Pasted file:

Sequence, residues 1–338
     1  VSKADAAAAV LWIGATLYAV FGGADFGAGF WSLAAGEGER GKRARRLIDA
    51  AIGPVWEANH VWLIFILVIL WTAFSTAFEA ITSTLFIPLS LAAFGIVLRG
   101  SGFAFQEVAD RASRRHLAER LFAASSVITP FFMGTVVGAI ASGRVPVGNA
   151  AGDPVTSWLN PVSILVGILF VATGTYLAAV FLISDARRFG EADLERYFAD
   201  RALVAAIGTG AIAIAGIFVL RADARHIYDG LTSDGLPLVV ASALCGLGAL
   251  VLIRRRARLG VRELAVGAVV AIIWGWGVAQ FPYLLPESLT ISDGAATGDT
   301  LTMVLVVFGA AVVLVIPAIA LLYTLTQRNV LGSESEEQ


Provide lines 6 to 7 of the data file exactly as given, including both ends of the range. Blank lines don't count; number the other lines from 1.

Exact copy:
   201  RALVAAIGTG AIAIAGIFVL RADARHIYDG LTSDGLPLVV ASALCGLGAL
   251  VLIRRRARLG VRELAVGAVV AIIWGWGVAQ FPYLLPESLT ISDGAATGDT